Author Topic: Ravenloft Languages  (Read 39482 times)

Budly

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Re: Ravenloft Languages
« Reply #75 on: August 08, 2013, 05:02:17 AM »
Hmm I see.

I always although played that common was more or less simply English.

Cause if we gonna be picky here. Why would Commong (trade tongue?) Be the same in Krynn, Faerun and other DnD settings? Logically speaking they should not be the same language.
I've already answered this before, but there's enough canonical crossovers between the settings from Planescape and Spelljammer that a common trade tongue could exist, and having "Common" be the same between worlds is a legitimate option in the Ravenloft Dungeon Master's Guide.

Sounds like a poor excuse to make it ease of use for DM's and players in PnP :P Bit sad! But okay, I get it.

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Re: Ravenloft Languages
« Reply #76 on: August 08, 2013, 10:18:54 AM »
I'm quite sure I'm not iterating anything that hasn't been discussed at length here before, but I'll chime in on my view of languages.

In Dungeons and Dragons, language is a skill.  It is something you invest points in and acquire proficiency just as you would opening locks or concentrating.

The limitations of the NWN engine with respect to coding and leveling make this a very difficult thing to truly implement, and as always, we as players struggle to divide these limited points across a range of skills that will allow the character to be proficient enough to function a role within the game.  This is balanced against the character background, character development and exposure to language over time as a means of becoming proficient in a given tongue.  This does not cleanly stack against the mechanics of the game, given that a person could for example be somewhat bright and spend a lot of time around elves, but never quite go adventuring, yet becomes fully familiar with the language quite validly.  Extend the hypothesis across a range of situations, and the logic of the dilemma is clear.

Language, at base, is about communicating concepts that relate to one another and mean something in context of other words and symbols in a collective genre.  It is easy to observe the crossover, slang, prefix, suffix and context of romance languages (French, Spanish, Latin, etc.) in relation to one another, because they are very similar in structure and vary only in diction and grammar--they are based on roman letters, and are far easier to relate than say, Chinese radicals or Japanese calligraphy--which again have many crossovers and dialects that are more or less recognizable within geographic regions.  The ability to connect the pieces of these puzzles is limited by the scope of a person's intelligence and exposure, and desire to learn.  Romance languages are very harshly literal in how they connect, but Asian "letters" more or less paint a picture of a scene, concept or idea that relates as the character becomes more complex and sophisticated, and this meaning changes rapidly in relation to other "word-pictures" in succession, like an idea unfolding instead of a line projecting directly forward.  That is why they are difficult to learn.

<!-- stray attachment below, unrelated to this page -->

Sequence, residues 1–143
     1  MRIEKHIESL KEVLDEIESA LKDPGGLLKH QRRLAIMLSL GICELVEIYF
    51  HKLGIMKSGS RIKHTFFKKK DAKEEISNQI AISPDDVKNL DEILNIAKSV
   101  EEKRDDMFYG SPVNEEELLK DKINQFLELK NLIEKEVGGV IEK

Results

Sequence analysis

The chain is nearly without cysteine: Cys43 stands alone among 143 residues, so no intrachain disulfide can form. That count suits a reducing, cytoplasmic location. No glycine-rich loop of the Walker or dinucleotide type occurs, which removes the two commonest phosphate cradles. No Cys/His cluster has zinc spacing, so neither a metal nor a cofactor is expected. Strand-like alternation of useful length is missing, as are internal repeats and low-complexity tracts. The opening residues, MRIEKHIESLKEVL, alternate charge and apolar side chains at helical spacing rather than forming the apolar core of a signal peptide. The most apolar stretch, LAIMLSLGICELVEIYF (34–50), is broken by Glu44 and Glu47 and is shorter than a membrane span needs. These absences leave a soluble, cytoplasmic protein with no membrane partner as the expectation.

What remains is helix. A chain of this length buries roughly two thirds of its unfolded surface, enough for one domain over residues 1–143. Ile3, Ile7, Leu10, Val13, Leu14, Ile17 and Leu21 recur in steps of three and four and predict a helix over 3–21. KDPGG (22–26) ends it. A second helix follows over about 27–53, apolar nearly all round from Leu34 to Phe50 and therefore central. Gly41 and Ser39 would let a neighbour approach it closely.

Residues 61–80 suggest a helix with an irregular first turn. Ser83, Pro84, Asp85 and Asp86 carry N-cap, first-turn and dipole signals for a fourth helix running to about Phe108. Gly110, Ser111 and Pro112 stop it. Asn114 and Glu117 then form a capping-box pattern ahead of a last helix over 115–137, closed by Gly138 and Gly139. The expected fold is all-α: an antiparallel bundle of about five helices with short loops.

This is all important to take into consideration when deciding exactly how much knowledge of language your character possesses upon entry to Ravenloft, and even more so as he or she grows in exposure to other languages (such as Balok) that he or she may encounter.  The more similar the character's native culture, and the greater his or her intelligence, the smoother this transition shall be.

The best idea I can come up with to bridge this dilemma is to assign yourself a native language, and full proficiency in another per point of intelligence bonus, a broken proficiency for an odd score (i.e., 16 int means your native tongue, full proficiency in three others, 17 int would be another broken proficiency in addition).  If your intelligence grows, you should be able to add additional proficiencies.  Moreover, the character should be becoming proficient in languages that he or she is exposed to and intelligent enough to grasp the context of the conversation, save all mitigating circumstances.

I'd like to hear opinions about this idea, it's how I've been operating thus far, and I'd like a little clarification on the subject before I sit down and write my character's bio.  Perhaps I missed something.
« Last Edit: August 08, 2013, 10:21:56 AM by Gaul »

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Re: Ravenloft Languages
« Reply #77 on: August 08, 2013, 11:34:29 AM »
Hmm I see.

I always although played that common was more or less simply English.

Cause if we gonna be picky here. Why would Commong (trade tongue?) Be the same in Krynn, Faerun and other DnD settings? Logically speaking they should not be the same language.
I've already answered this before, but there's enough canonical crossovers between the settings from Planescape and Spelljammer that a common trade tongue could exist, and having "Common" be the same between worlds is a legitimate option in the Ravenloft Dungeon Master's Guide.

Sounds like a poor excuse to make it ease of use for DM's and players in PnP :P Bit sad! But okay, I get it.
Not everything needs to be complicated and realistic, Budly :roll:

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Re: Ravenloft Languages
« Reply #78 on: August 08, 2013, 11:39:26 AM »
I'm quite sure I'm not iterating anything that hasn't been discussed at length here before, but I'll chime in on my view of languages.

In Dungeons and Dragons, language is a skill.  It is something you invest points in and acquire proficiency just as you would opening locks or concentrating.

The limitations of the NWN engine with respect to coding and leveling make this a very difficult thing to truly implement, and as always, we as players struggle to divide these limited points across a range of skills that will allow the character to be proficient enough to function a role within the game.  This is balanced against the character background, character development and exposure to language over time as a means of becoming proficient in a given tongue.  This does not cleanly stack against the mechanics of the game, given that a person could for example be somewhat bright and spend a lot of time around elves, but never quite go adventuring, yet becomes fully familiar with the language quite validly.  Extend the hypothesis across a range of situations, and the logic of the dilemma is clear.